This dish is vegan, gluten-free*,with no added salt, no added refined sugars, no extracted oils. It’s packed with fiber and healthy fats.
*contains no added gluten ingredients, but make sure you double check all brands of products like vegetable broth or soy sauce that you are using, as many will contain gluten or wheat ingredients.
- 1cup quinoa, uncooked
- 2 cups water or reduced-sodium vegetable broth
- 2 cups frozen mango chunks (this would work well with pineapple too)
- 6 cups frozen broccoli florets
- 2 cups frozen diced pepper/onion mix
- 1 cup raw cashews
- ½ cup rice vinegar
- ½ cup raw agave nectar
- ¾ cup water
- 2 ½ Tbsp Bragg’s (or reduced sodium tamari or soy sauce)
- 1 ½ Tbsp fresh minced garlic
- ½ Tbsp fresh minced ginger
- ½ tsp crushed red pepper
- 2 Tbsp corn starch
- Prepare quinoa according to package. (Typically, add 2 cups water or reduced-sodium vegetable broth and 1 cup quinoa. Bring to boil. Cover, and lower for a simmer for 15-20 minutes. Quinoa will be done when grain is translucent and has little spirals coming out of it.)
- While quinoa is simmering, steam broccoli in covered pot for approx 10 minutes.
- Add mango and pepper/onion mix to broccoli and steam for approx 5-7 minutes until heated thoroughly.
- Stir in cashews and remove from heat.
- To prepare sauce, add all ingredients except corn starch to a small sauce pan and bring to low boil.
- Whisk in corn starch until thickened and thoroughly dissolved.
- Once quinoa is finished, add quinoa to broccoli/mango/cashew mixture and stir in sauce.
- Simmer all ingredients together above medium heat, stirring constantly, for about 3-4 minutes to reduce sauce slightly and meld flavors.
Other quinoa recipe posts you might like:
Sopa de Quinua or Quinoa Soup (vegetarianirvana.wordpress.com)
Quinoa: breakfast of champions (mostlyfood.org)
Thai Fried Quinoa (feastyoureyesonmyveg.wordpress.com)
This is a food that causes the weirdest, contradictory feelings and memories for me. It’s almost a sensation, where memories from now intertwine closely with memories from before I began my passionate love affair with vegan foods.
As a kid, I hated (HATED!) the smell, taste, aroma, and idea of eating or even cooking a patty melt. I hated onions, I hated rye bread, and I was definitely more of a hot dog kid. Thinking about patty melts, I get this strong memory of my Dad, because it was really one of his favorite foods. And to me, since I wouldn’t touch the things, it was a “Dad food.” Thinking about my 10-year-old self smelling the onions cooking makes my eyes sting a little bit. I don’t think twice about the meat or the cheese or the butter or the oil. I don’t think twice about my dad’s diabetes or the fact that everyone in my household is overweight or obese.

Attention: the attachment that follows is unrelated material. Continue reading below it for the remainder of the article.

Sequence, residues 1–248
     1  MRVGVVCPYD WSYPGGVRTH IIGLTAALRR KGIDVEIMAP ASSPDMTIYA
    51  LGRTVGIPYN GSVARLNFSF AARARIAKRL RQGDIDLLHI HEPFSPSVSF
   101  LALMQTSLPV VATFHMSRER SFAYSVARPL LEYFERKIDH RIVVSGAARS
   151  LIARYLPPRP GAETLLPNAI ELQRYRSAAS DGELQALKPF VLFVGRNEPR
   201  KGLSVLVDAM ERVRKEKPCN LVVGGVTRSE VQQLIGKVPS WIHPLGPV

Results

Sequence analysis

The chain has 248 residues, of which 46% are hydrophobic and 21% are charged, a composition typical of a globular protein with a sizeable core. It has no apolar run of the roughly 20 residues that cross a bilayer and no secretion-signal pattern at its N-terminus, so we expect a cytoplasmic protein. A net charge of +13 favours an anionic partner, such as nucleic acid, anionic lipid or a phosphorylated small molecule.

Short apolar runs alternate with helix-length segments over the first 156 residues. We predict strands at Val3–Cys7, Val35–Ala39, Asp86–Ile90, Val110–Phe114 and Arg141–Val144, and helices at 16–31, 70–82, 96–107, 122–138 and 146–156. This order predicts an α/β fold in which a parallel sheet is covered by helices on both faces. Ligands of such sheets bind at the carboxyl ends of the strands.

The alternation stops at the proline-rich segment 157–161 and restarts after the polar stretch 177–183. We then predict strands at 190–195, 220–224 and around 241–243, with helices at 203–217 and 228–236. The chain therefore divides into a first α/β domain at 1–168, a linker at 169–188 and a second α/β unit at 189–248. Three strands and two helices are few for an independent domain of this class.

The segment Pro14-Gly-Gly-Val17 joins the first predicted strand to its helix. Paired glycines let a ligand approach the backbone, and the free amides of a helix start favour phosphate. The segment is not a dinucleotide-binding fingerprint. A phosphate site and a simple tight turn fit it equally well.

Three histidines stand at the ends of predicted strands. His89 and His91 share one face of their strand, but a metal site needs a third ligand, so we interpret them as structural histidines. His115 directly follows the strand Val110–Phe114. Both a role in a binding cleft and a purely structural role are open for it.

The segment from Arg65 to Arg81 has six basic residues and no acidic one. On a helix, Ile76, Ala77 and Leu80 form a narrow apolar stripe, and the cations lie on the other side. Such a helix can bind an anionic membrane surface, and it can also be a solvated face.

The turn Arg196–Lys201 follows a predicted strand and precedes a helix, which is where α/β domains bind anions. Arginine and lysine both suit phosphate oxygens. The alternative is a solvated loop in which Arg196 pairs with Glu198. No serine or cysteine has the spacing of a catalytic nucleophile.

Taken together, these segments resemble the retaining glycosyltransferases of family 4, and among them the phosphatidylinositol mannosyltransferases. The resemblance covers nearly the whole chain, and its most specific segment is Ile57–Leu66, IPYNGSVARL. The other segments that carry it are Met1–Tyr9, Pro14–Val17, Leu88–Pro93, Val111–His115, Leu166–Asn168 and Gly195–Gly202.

I now drool at the idea of making a patty melt, but what its made up of is totally different. Organic caramelized onions, flavor integrity preserved by cooking without oil. Plant-based Daiya cheddar “cheese.” Hearty veggie and grain burger. Artisan seedless rye bread. The smell of the onions cooking makes my mouth water now! (No, really. Onions like this are one of my favorite foods even though my mom couldn’t get me to touch the things as a kid. This has to be my 4th or 5th post mentioning them already!) My mind compares the 2 foods: how many less calories, zero cholesterol, fewer processed sugars and refined oils, nothing artificial… I wonder how my dad would like my adaptation of one of his heart-clogging favorites. After just one bite, I’m actually pretty sure he would have liked it!
It’s intriguing how deeply some foods – actually, any aroma, flavor, even texture – how deeply they can root themselves into not only a memory but actual feelings about people, places, things, and especially, time. Do you have any foods that you have a strong connection or dislike as a kid but now love? Do these foods cause a strange sensation regarding your relationship to food?
- 2 slices rye bread of your choice (whole grain preferred, but today I cheated with a Jewish seedless rye)
- 1 veggie burger (I used Amy’s All-American)
- 1/4 cup Daiya cheddar cheese
- 1/4 cup diced yellow onion
- 1 Tbsp Earth Balance (I choose soy-free)
- Preheat skillet over medium-high heat until hot enough for water drops to hop around on the surface.
- Add onions to skillet. Stir constantly to ensure even browning. Remove from pan once caramelized.
- Grill veggie burger until cooked through.
- Evenly spread Earth Balance over 2 slices bread.
- Place first bread butter side down onto skillet. Top with burger, onions, cheese, and remaining slice of bread, butter side up.
- Flip sandwich carefully when bread is grilled to grill other side.
- Serve with tomato soup and a hearty green salad.